In August 2019 tensions grew within the coalition supporting the government, leading to the issuing of a motion of no-confidence by the League.[34] During the following government crisis, the M5S and the PD agreed to form a new cabinet together, under Conte.[35] In September, +Eu decided not to support the newly-formed Conte II Cabinet, despite opposition by Tabacci, Magi and Fusacchia.[36][37] The three voted in favour of the government in the Chamber, while Bonino voted against in the Senate.[38] Consequently, Tabacci led his faction (CD) out of +Eu.[39][40] However, some leading members of CD, notably including Fabrizio Ferrandelli, chose to stay within +Eu.[41] Della Vedova reassured that the party would continue activity also after CD's departure.[42]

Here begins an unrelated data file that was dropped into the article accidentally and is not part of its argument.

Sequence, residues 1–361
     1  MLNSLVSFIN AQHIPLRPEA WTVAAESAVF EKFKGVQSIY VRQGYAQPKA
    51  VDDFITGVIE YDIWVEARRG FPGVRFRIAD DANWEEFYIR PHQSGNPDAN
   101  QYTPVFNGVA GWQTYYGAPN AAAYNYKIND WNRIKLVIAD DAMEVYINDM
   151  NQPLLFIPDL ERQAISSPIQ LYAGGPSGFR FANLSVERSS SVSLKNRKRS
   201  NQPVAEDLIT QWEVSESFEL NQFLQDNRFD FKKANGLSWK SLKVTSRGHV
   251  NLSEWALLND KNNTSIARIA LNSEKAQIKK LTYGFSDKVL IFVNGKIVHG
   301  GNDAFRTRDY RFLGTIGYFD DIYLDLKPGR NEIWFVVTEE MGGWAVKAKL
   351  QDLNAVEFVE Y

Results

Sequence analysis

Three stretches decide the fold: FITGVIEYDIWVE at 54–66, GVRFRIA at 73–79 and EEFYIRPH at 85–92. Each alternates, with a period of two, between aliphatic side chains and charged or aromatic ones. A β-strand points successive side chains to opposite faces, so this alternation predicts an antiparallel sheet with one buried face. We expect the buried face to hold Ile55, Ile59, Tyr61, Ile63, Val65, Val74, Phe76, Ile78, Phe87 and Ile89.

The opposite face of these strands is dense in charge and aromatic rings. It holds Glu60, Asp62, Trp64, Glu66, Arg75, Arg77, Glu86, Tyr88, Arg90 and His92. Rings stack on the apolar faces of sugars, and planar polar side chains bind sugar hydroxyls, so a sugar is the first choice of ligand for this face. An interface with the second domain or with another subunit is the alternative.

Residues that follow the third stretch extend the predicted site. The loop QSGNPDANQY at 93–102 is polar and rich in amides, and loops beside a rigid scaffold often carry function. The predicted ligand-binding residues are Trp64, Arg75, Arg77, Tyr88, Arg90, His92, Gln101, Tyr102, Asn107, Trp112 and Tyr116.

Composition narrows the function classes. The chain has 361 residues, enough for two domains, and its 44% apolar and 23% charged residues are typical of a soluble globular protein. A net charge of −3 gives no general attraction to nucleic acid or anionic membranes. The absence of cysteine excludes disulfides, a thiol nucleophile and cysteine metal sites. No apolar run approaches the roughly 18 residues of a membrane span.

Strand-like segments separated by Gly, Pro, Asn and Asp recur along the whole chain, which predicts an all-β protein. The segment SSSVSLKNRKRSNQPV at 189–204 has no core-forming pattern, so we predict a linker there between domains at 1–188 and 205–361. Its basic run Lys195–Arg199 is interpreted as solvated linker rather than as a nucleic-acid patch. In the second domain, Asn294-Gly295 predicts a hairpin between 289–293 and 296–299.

In October, also Fusacchia announced he was leaving the party, which was left with only one deputy.[43]

CompositionEdit

Election resultsEdit

Italian ParliamentEdit

Chamber of Deputies
Election year Votes % Seats +/– Leader
2018 841,468 (7th) 2.56
3 / 630
Emma Bonino
Senate of the Republic
Election year Votes % Seats +/– Leader
2018 714,821 (7th) 2.37
1 / 315
Emma Bonino

European ParliamentEdit

European Parliament
Election year Votes % Seats +/– Leader
2019 833,443 (6th)[a] 3.11
0 / 76
Benedetto Della Vedova
  1. ^ In a joint list with Italy in Common and Italian Socialist Party.

Regional CouncilsEdit

Region Election year Votes % Seats +/–
Piedmont 2019 34,993 (9th) 1.82
0 / 51
Lombardy 2018 108,743 (8th) 2.07
1 / 80
  1
Lazio 2018 52,451 (9th) 2.06
1 / 50
  1
Abruzzo 2019 14,198 (12th) 2.36
0 / 31

LeadershipEdit

PartyEdit

FederationEdit

SymbolsEdit

ReferencesEdit

  1. ^ a b c Nordsieck, Wolfram (2018). "Italy". Parties and Elections in Europe.
  2. ^ ""Forza Europa" piace ai francesi e si fa lista (con i Radicali). Nasce "+ Europa"". www.ilfoglio.it.
  3. ^ Ciglio, Rosa (7 February 2018). "Altro che PD, il vero centrosinistra è +Europa con Emma Bonino".
  4. ^ Scopece, Maria (2 November 2017). "Ecco il programma dei Radicali stile Bonino pro Forza Europa nel centrosinistra". Formiche.net.